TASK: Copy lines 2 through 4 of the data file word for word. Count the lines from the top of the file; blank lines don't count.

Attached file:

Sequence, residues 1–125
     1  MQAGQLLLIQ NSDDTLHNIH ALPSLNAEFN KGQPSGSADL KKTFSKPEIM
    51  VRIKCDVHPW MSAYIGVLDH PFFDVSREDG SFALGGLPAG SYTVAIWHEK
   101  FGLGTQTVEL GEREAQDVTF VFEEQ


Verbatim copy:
     1  MQAGQLLLIQ NSDDTLHNIH ALPSLNAEFN KGQPSGSADL KKTFSKPEIM
    51  VRIKCDVHPW MSAYIGVLDH PFFDVSREDG SFALGGLPAG SYTVAIWHEK
   101  FGLGTQTVEL GEREAQDVTF VFEEQ